Integral control does not fare any better. It tends to sustain the population better, but it has the same kind of initial overfeeding problem and its settling time is degraded.
Nonlinear Bio-Reactor Controller
A better control strategy will incorporate knowledge about the system. The internal details of this design are beyond the scope of what we can describe here, but we can quickly survey some of the main features:
Running the nonlinear controller under the same conditions as the PID controller, here is the response.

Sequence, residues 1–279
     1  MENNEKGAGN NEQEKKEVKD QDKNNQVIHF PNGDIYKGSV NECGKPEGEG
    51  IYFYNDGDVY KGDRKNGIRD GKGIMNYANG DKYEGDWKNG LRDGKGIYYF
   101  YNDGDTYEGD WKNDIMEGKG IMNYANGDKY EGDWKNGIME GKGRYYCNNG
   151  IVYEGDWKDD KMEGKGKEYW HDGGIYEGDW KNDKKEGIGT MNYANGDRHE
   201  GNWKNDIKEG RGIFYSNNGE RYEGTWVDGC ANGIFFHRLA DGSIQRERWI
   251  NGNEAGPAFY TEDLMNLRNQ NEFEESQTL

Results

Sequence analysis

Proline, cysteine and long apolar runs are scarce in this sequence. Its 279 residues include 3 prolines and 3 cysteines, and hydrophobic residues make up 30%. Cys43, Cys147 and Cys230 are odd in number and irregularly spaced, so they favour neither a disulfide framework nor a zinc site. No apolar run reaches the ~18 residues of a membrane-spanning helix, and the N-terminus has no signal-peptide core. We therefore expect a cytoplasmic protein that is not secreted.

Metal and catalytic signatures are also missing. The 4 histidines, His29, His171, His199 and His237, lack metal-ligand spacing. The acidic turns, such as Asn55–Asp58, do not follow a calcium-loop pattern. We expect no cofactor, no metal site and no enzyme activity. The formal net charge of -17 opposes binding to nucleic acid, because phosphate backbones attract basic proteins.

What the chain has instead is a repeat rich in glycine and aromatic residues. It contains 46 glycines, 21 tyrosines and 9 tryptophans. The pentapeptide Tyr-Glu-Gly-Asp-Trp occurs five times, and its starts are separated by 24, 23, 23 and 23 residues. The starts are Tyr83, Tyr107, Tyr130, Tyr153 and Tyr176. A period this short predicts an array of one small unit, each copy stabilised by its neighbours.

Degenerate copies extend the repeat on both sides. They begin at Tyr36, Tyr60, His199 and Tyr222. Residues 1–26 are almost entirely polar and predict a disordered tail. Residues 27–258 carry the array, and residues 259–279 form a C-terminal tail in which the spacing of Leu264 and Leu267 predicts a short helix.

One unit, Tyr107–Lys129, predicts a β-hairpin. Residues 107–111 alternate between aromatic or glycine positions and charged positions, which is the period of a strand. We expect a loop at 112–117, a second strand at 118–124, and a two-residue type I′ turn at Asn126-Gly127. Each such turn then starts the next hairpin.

Figure 4: Nonlinear control
Now suppose the estimated growth factor is off by about 20% at the start. We activate the adaption gain.
Figure 5: Nonlinear control with growth rate adaption
Notice that the blue trace here is the estimate of the growth rate parameter, and the mortality state is not shown. During the gross transient, the adaption law dragged the rate estimate down too low. But as the system began to stabilize, the value of the growth rate parameter stabilized too. Instead of settling in 9 hours, it took 12 hours, but the system remained in control, and also "learned" the correct growth rate factor. After settling, the adaption gain can be set to zero, and response to subsequent disturbances will be more like Figure 4.
A Mathematical Reference Model